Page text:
It’s April. The flowers are blooming, the weather is warm. High school students are touring the campus. Yep. It’s that time of the year again, time for aspiring high school students to make their selection as to which campus they will call home. And it’s also time for those in admissions to cringe … or so one would assume.
Admissions officers have probably the hardest job on campus. I don’t mean to say the UC has a backwards admissions system, but what I mean is the new crop of graduating seniors/incoming freshmen continue to change and make things so much more difficult. Today it is no longer the cookie cutter student who maintains grades and writes a good personal statement. No, it is much worse.
Case in point, I had the “privilege” of meeting a family of three the other day while in the office. I am no expert on admissions, but they came in with questions about admissions to UCI and were absolutely adamant to get answers. Like many, I began to stereotype, labeling the mother and father as typical Asian tiger parents while the daughter was left reeling in the pain and embarrassment of her parents’ endeavors. What struck me though was her glib nature, clearly articulating what it was that her parents wanted as if it had been a rote script, something that had been pounded into her head since birth. It seemed her parents were going to do whatever was necessary to get her into a top- quality university. She was only a sophomore, yet was at UCI to tour on a weekday (or she was on spring break…who knows).
What ensued was a very common conversation about admissions and some things students should focus on such as writing good personal statements. They kept coming at it from different angles no matter which way I spun it. “What if she only does three years of basketball instead of four?” “How many extracurriculars should she be involved in?” “What is considered a competitive GPA?” “How many AP courses should she take?”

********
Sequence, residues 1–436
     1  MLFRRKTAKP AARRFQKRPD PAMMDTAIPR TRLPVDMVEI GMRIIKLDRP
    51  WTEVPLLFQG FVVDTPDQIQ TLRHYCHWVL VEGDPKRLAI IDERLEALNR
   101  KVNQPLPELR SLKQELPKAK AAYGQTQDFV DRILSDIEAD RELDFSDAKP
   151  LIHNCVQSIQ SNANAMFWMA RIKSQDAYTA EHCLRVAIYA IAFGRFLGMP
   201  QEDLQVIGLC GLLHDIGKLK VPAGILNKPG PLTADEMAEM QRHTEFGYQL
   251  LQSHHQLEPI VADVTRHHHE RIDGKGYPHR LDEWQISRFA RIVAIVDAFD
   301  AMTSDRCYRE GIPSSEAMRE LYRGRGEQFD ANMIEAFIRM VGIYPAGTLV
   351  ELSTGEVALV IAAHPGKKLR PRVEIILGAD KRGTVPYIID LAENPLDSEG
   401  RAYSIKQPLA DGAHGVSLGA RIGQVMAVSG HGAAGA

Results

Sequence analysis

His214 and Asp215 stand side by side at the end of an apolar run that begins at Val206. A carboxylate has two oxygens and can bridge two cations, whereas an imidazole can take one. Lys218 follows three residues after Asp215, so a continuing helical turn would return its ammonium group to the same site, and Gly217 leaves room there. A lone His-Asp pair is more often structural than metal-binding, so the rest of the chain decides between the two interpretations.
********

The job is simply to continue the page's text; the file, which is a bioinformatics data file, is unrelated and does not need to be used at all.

I empathized with her, because I had gone through the full gamut before, though probably not as severe as my older brother.
Then what came next led me to the conclusion that the parents weren’t only serious but felt it their mission to get her into university. We were discussing personal statements and the mother interjected, asking about paying people to write it.
I coughed to take a brief moment of composure before I could answer. I am sure she knew that was illegal, and I am sure she knew that I knew the same thing, but she didn’t refrain from asking. Only reluctantly did I give them my business card as they left the building to continue touring the campus.
My job decrees that I go through high school and community college transcripts to update student profiles. Some of the activities these students participate in are absolutely astounding considering their ages as well as the GPA’s they maintain. It seems as if practically every single student in the system has merit.
How the hell do admissions officers do it? What used to be GPA and SAT score has turned into a monstrosity.
Applications can no longer be called applications, simply because they aren’t; in reality, a more appropriate term would be a student’s magnum opus, his entire body of work from the moment he was born to the moment he decided college was for him.
And the problem? He has to make sure his magnum opus is that much better than that of the person next to him, who happens to be valedictorian as well as student body president and community volunteer extraordinaire.
The easy way to filter would be to just accept everybody, but we know that utopian view cannot happen.
Admissions officers have to lord over thousands and thousands of applications, checking every single AP class taken or internship done and then decide if the student should be admitted to the school or not. Yes, mistakes are made — let’s be honest you know you’ve met some people in your classes who have made you say “wtf” — but that doesn’t belittle the fact that between the months of January and April, admissions officers probably work the hardest job on campus.
Seniors complain about submitting applications while admissions officers cringe about receiving them. Someone suggested I work in Admissions. No thank you.
David Vu is a fourth-year public health policy major. He can be reached at firstname.lastname@example.org.